In this systematic review, low serum magnesium levels appear to be associated with increased mortality due to cardiovascular causes, but not with all-cause mortality or cardiovascular morbidity in patients with HFrEF. On the other hand, hypermagnesemia is more likely an indicator of comorbidities that affect prognosis rather than an independent prognostic marker in patients with HF.
Serum Magnesium and Prognosis in Heart Failure
Hypomagnesemia is an important electrolyte disturbance since it carries a high prevalence among patients with HF.30 Several pathophysiological mechanisms along with medicinal agents lead to magnesium deficiency. Anorexia and reduced intestinal absorption limit magnesium intake. In addition, activation of the neurohormonal and renin-angiotensin system results in the stimulation of aldosterone and antidiuretic hormone secretion, which in turn, due to sodium and water retention, promote extracellular volume growth, which prevents the renal tubes from reabsorbing magnesium, and thus, causes the loss of magnesium from the urine.13,20,31–33 Loop diuretics, thiazides, and digoxin, commonly administered to HF patients, prevent magnesium reabsorption in different nephron segments, and cause significant urine magnesium loss.19 Intracellular magnesium influx, caused by metabolic acidosis and increased secretion of catecholamines, common conditions that occur in congestive HF, contribute to the establishment of hypomagnesemia and are responsible for possible arrhythmias.34 Importantly, the myocardium of HF patients is a susceptible substrate for arrhythmia development and hypomagnesemia may potentially cause or aggravate malignant rhythm disturbances and sudden cardiac death.
Low serum magnesium levels seem to have a direct predictive role in mortality of patients with HF. A clear association between hypomagnesemia and sudden cardiac death has been reported by 4 of the included studies in this systematic review.19,23,28,31 The largest and most recent study was conducted by Adamopoulos et al.28 In their study, the presence of hypomagnesemia was associated with increased long-term cardiovascular mortality in a propensity-matched cohort of HF patients. However, no statistically significant association of serum magnesium levels with hospitalizations of HF was found. Therefore, the increased mortality of patients with hypomagnesemia may be attributed to arrhythmic events and sudden cardiac death. Three studies reported neutral findings regarding the prognostic significance of serum magnesium levels and cardiovascular mortality.24,25,27 However, it should be noted that the prognostic role of serum magnesium levels was not the primary endpoint of both the EVEREST (Efficacy of Vasopressin Antagonism in Heart Failure: Outcome Study With Tolvaptan) and the PROMISE (Prospective Randomized Milrinone Survival Evaluation) study. Furthermore, the results by Naksuk et al24 should be interpreted with caution since their study had a retrospective design.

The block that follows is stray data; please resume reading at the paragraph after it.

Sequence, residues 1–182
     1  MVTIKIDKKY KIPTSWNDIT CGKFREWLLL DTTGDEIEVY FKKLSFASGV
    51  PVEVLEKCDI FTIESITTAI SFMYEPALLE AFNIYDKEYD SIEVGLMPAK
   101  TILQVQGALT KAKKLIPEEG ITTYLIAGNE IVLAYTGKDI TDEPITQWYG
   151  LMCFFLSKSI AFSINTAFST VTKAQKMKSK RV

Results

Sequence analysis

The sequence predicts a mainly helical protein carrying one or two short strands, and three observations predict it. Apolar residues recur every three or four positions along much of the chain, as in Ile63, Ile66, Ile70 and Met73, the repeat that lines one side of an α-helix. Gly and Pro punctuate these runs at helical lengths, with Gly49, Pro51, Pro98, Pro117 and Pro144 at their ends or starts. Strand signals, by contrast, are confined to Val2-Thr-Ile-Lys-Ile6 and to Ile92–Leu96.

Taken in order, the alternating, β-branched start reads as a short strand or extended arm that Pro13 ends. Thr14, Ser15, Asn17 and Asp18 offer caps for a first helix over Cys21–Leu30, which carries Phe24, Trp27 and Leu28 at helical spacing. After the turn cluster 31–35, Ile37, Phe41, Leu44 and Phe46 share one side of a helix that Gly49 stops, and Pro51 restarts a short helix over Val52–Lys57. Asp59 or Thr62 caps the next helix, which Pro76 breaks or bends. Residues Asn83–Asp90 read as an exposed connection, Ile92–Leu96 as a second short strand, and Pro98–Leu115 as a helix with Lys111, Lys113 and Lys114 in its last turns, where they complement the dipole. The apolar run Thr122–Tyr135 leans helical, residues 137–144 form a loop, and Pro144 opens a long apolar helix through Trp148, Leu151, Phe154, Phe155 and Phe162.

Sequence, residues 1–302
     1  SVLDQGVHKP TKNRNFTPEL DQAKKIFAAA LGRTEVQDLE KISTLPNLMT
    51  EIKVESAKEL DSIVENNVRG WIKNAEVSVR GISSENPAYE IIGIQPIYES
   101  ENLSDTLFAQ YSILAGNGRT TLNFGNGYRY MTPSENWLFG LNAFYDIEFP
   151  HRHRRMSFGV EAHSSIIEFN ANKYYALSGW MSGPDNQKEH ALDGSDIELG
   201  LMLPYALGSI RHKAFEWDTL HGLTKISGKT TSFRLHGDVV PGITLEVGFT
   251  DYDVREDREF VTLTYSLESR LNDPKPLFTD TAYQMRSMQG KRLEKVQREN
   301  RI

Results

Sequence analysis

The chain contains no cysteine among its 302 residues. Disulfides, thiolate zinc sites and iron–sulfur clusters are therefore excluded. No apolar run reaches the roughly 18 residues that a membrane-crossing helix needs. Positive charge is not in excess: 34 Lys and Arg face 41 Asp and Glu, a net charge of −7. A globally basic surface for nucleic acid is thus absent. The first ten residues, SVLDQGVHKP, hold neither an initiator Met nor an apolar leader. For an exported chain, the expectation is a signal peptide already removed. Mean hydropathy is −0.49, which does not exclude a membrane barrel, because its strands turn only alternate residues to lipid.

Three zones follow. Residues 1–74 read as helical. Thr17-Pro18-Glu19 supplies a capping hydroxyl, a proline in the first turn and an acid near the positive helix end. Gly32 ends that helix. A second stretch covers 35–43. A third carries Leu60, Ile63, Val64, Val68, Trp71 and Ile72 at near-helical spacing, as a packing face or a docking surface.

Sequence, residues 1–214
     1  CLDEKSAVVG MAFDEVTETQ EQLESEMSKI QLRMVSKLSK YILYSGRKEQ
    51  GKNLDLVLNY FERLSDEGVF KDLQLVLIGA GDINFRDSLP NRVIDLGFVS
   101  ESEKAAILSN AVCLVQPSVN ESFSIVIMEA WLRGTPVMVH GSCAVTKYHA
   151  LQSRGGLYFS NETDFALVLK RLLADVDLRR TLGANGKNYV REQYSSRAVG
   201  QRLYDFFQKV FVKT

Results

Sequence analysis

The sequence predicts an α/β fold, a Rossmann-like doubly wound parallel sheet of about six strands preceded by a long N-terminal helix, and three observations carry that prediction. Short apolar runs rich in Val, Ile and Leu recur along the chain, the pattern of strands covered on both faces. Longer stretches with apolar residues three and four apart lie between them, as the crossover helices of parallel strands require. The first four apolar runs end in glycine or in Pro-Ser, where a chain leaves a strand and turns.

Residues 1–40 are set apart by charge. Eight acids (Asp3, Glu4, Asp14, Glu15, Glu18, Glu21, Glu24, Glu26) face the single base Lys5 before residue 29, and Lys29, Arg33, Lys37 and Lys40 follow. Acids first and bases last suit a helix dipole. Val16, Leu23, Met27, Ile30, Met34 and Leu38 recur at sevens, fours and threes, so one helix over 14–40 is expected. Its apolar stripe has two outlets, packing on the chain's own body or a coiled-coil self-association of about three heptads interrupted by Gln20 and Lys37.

Hypermagnesemia, on the other hand, is usually encountered among HF patients of older age, lower body weight and renal failure. Hypermagnesemia may have various effects on the neurological and cardiovascular system, such as mental disorders, neuromuscular dysfunction, hypotension, and cardiac arrhythmias, which are dangerous in the context of congestive HF.13,20,35 However, based on the results of this systematic review, no robust associations of hypermagnesemia and cardiovascular mortality can be suggested. Only 1 study reported an increased all-cause mortality in patients admitted to the cardiac care unit with acute decompensated HF and elevated serum magnesium levels.24
Interestingly, in the PROMISE study, a significant increase in mortality was initially observed in the group of patients with hypermagnesemia compared with the group of patients with normal magnesium levels, however, adjustment for baseline clinical parameters showed no statistically significant difference between the groups of patients in terms of all-cause mortality. Similar results were reported by Cohen et al.19 Therefore, although hypermagnesemia was associated with poorer prognosis, it does not appear to be the underlying cause of increased mortality, but most likely is an indicator of comorbidities that affect prognosis of patients with HF.
Our systematic review has some limitations. First, the number of studies that fulfilled the inclusion criteria is small, and inevitably, there is significant heterogeneity in methodology. Specifically, there is heterogeneity in the main and secondary endpoints of the selected studies as well as the therapeutic approaches and clinical characteristics of patients. Additionally, different methods of measurement and normal ranges for normal serum magnesium were used among the included studies. Finally, most of magnesium is intracellular, and its levels are not reflected by estimation of magnesium concentration in the serum, as it corresponds to less than 1% of the body’s total magnesium. Therefore, intracellular magnesium depletion may exist, although serum magnesium is within normal range.
HF patients are prone to develop magnesium abnormalities, and hypomagnesemia appears to be a predisposing factor for life-threatening ventricular arrhythmias and/or sudden cardiac death. It is logical to suggest that HF patients with hypomagnesemia may benefit from magnesium supplementation or aldosterone antagonists with caution for overcorrection. Future studies are needed to shed light on the role of magnesium in HF mortality and determine the safe limits of serum magnesium, especially for patients with HF.
1. Kunutsor SK, Khan H, Laukkanen JA. Serum magnesium and risk of new onset heart failure in men: the Kuopio Ischemic Heart Disease Study. Eur J Epidemiol. 2016;31:1035–1043.